Link post: August 27, 2010

An interesting post – with links to other ideas – from Joyce Valenza about things she wishes school librarians would unlearn.

I definitely agree with several points on her list, including the Wikipedia one. My comment on it to students has always been that it is a starting place. From there, you can learn:

  • useful terms and phrases common in that subject area (fantastic for me when someone asks a reference question about a topic I’m not already familiar with.) Better terms = better searches.
  • names and dates of relevant people involved (useful for getting broader context)
  • links to further sources, so you can go look at the initial material yourself.
  • and sometimes other things, like recent books about a topic or other resources that can help you dig deeper.

The search that brought this home to me was comparing the Encyclopedia Britannica and Wikipedia a couple of years ago (right around the time The Other Boleyn Girl movie came out) on the subject of Anne Boleyn – scarcely a minor figure. The Britannica version was 500 words, didn’t mention most of her family by name, didn’t give any background on a number of topics – her brother and sister, her interest in religion and philosophy, background issues and politics of the time.

In contrast, the Wikipedia article (at something like 2500 words), gave all of that, plus included links to current biographies with a summary of their main focus and theories, a link to an analysis of the choices that Phillippa Gregory had made in her writing of the book (and the subsequent changes in the movie) and how that fit in with different scholarly theories.

Which one do you think is most useful to high school students who got interested in Anne because of the book or the movie? And which one do you think starts a better conversation about how we study history, and how our own interests and focus and choices affect what we see in that history? Even more importantly, the Wikipedia article showed that real people – people like them – could do that kind of analytical work too, and contribute to understanding how all the historical fragments might fit together in various ways. Not bad for 2500 words.

I think a lot of people remember what Wikipedia was like initially, and forget (or don’t know) that in the past few years, they’ve done a lot to improve citation requirements, address some of the problems of prank edits, and other such things. It’s not perfect (and like all online sites, there are still quirks) which is why you still need to go look at the original sources.But that’s always been true, regardless of your tertiary source. Growing up in an academic family, I’ve long been aware that the ‘authoritative published sources’ (like traditional encyclopedias) have the potential for flaws. There are politics and person wrangling and pet projects, and all sorts of other things that introduce bias and inaccuracy there too. They’re just much more hidden from the end reader.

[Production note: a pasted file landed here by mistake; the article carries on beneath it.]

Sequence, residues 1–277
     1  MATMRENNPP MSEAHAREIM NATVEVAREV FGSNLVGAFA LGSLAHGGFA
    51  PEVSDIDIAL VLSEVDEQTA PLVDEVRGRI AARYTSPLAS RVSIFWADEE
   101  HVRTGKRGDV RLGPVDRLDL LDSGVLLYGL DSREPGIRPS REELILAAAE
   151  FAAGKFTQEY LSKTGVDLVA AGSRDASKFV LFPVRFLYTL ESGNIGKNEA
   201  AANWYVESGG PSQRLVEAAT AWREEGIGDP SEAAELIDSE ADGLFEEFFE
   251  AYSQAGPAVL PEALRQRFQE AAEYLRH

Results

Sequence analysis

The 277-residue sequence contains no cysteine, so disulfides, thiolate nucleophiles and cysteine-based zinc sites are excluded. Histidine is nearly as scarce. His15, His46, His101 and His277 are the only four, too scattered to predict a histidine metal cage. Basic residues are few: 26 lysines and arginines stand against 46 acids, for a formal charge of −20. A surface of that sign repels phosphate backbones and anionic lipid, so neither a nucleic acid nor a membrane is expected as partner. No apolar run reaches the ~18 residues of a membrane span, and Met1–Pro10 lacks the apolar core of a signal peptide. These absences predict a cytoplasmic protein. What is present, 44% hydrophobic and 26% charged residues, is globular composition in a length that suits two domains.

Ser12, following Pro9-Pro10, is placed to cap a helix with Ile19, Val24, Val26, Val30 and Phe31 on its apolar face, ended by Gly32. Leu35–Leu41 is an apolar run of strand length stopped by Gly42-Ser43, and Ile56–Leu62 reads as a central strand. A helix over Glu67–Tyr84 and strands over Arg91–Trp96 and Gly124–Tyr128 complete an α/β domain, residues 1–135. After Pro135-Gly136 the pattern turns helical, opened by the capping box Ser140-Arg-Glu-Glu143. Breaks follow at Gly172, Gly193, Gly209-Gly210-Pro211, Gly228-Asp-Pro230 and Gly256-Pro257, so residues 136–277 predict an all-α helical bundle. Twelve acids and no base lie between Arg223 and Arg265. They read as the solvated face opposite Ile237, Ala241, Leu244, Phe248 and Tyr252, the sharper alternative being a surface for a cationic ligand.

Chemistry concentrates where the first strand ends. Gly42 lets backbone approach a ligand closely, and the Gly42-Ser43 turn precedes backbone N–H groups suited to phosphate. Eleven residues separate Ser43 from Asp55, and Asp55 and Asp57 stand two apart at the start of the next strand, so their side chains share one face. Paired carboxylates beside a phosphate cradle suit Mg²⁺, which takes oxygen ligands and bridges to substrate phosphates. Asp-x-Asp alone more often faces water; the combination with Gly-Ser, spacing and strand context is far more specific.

Michael Stephens shared an updated assignment for the class he teaches on Participatory Service and Emerging Technologies: to read one of the selected books and either do a report (the old fashioned option) or to do a media presentation (podcast, video, all sorts of other options.) That part’s great – but the list of books is also useful (and a good reminder to me: I’ve read about half of them, and should read the rest.)

And to go with my post earlier this week, LifeHacker has a top ten list of Facebook fixes you might want to look at. (including videos on how to adjust privacy settings, if you prefer that to text instructions.)

Links of interest: June 18, 2010

First in a series of collected links of interest, of posts I’ve found particularly intriguing over the last week or so:

The myth of browsing (an article from American Libraries, the journal of the American Library Association) takes on the idea that being able to browse a collection is essential for scholarly knowledge. I’m of two minds: I adore browsing for the sheer joy of it, the things I find that are also of interest to me, outside of my research in a particular focused topic. But I do agree with the issues of storage and practicality, and the point that a browseable collection of 20,000 volumes might do very well in almost all circumstances.

I’m a huge fan of danah boyd’s writing, and particularly liked her recent post on How COPPA fails parents, educators, youth for a clear explanation of why all these websites require you to be older than 13 – and why it’s not as helpful as you’d think.

For people who love both libraries and lists (via Jessamyn at librarian.net) comes an article from American Libraries about a new book by George Eberhart called The Librarian’s Book of Lists. Check out the lists article for a few samples.

Starting accounts on various sites can be complex, but so can leaving them. A nice round-up of the steps and relative complexity of deleting accounts on a whole bunch of commonly used sites is a handy thing to have around. (I like their explanation of why you can’t delete accounts on some sites, and what you can do instead, too.)

And, in the realm of ‘being better humans helps everyone’, a link came across my line of sight that’s been making me think ever since: it’s about how sick systems develop, how to recognise them, and ways to remove yourself from them. Most people I know have been in such a system at one point or another in their life (whether that’s in a relationship, family of origin, work, or some other commitment), but I found the description and analysis here particularly clear and of potential use. Check out How to keep someone with you forever .

Hi, I’m Jen

Librarian, infovore, and general geek, likely to write comments about books, link collections, and other thoughts related to how we find, use, and take joy in information.

I'm the Research Librarian at the Perkins School for the Blind

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